Small Wars Journal

Holding Lebanon Together: The Lebanese Armed Forces

Fri, 06/01/2012 - 5:48am

Middle East events, particularly in Syria, are impacting Lebanon. Unrest in Tripoli has recently exposed Lebanon’s tenuous and often changing political alliances that can make for strange bedfellows as seen in the Iran/Hezbollah March 8 Alliance and Western/Gulf Cedar Revolution backed March 14 Alliance. Since an unwritten interpretation of the Lebanese constitution has certain sects heading the highest offices of government, i.e the President is Maronite Christian, the Prime Minster is Sunni Muslim, and the Speaker of Parliament is Shiite, the regional—and sectarian--implications of regime change in Syria are acutely felt within and among the Lebanese political elite. On 21 May, Western newspapers highlighted the complex landscape of Lebanon’s political map by interpreting the killing of a prominent Sunni sheikh at a military checkpoint in north Lebanon as an omen that sectarian violence would possibly begin in this religiously diverse country.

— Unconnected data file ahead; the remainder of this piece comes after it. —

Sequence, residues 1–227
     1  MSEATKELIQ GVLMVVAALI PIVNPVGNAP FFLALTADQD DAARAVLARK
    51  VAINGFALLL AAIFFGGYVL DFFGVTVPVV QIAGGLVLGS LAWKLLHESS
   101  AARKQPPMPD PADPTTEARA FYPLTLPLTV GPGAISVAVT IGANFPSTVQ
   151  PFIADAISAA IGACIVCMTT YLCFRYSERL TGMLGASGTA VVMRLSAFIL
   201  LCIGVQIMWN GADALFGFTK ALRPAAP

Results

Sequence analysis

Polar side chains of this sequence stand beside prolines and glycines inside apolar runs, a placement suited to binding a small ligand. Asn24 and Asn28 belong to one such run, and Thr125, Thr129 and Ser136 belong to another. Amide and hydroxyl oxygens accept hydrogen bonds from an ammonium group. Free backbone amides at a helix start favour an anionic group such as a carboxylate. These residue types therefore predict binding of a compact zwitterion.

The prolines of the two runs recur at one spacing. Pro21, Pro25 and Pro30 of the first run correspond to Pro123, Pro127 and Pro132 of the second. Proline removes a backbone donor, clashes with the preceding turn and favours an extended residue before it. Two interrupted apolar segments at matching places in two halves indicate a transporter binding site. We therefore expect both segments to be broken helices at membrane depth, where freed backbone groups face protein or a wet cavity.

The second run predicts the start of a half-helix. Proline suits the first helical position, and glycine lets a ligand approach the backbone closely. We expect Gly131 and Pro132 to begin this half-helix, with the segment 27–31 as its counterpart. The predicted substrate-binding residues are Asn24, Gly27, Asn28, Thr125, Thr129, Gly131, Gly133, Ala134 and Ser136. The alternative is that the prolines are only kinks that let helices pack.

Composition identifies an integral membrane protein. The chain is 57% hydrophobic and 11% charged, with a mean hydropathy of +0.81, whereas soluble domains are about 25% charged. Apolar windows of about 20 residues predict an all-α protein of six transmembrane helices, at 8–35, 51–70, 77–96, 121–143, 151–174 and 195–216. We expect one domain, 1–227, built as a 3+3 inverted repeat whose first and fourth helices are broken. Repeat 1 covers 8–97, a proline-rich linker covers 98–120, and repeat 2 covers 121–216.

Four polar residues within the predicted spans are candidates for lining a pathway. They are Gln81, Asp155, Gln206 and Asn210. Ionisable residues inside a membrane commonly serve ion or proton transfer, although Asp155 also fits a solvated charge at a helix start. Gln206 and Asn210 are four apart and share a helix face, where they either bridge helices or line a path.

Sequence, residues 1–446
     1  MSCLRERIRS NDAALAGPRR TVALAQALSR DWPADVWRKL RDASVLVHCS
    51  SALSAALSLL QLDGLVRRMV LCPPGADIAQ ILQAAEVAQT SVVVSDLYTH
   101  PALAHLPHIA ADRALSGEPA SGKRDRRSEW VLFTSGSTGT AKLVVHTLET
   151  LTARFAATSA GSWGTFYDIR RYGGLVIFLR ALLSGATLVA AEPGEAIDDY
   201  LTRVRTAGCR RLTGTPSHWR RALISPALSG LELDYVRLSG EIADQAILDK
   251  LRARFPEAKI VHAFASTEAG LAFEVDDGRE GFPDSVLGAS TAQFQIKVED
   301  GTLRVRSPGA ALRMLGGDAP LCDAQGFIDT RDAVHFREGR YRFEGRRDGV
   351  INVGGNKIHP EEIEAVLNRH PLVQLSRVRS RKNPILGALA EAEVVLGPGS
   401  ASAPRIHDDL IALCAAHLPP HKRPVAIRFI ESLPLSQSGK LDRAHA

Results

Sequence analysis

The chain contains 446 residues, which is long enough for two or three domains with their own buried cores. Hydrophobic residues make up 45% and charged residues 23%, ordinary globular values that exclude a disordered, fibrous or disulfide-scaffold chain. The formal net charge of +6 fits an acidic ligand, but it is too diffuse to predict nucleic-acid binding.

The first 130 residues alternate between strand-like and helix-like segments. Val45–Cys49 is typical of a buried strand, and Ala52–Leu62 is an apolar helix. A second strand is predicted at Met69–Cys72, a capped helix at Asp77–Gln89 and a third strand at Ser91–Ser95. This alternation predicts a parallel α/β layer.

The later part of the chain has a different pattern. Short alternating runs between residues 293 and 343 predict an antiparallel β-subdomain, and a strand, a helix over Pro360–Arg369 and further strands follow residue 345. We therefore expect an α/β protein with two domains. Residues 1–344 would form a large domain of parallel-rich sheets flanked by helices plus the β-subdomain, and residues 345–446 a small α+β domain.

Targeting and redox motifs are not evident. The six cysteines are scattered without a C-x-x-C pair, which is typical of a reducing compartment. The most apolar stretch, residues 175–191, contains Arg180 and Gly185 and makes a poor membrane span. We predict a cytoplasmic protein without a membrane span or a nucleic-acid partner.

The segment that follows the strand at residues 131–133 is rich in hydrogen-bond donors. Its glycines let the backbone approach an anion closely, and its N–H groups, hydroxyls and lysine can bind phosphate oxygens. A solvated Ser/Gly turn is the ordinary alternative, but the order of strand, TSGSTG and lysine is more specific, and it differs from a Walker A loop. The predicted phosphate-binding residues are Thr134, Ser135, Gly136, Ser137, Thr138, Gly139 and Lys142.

Responding, the Lebanese Armed Forces launched an open investigation and have taken measures to defuse any further sectarian flare-up.  This small Mediterranean country’s military – the Lebanese Armed Forces - has shown a remarkable ability to remain apolitical, non-sectarian and open, and will continue to do so as articulated by President Sleiman in recent press reports.  More importantly, it is trusted by the Lebanese people more than any other state institution.

The composure of the Lebanese Armed Forces in 2011 helped Lebanon weather the storm of the UN Special Tribunal investigating the Hariri murder. Some Western analysts assumed instability would result because the Tribunal exposed senior members of Hezbollah. Many feared fragmentation within the government over Tribunal funding.  Additionally, others worried that the Arab League suspension of Syria and the U.S. Spy-Gate catastrophe, in which Hezbollah apparently rolled up a network of CIA informants, would cause disruption. Throughout, Lebanon and its armed forces stood firm.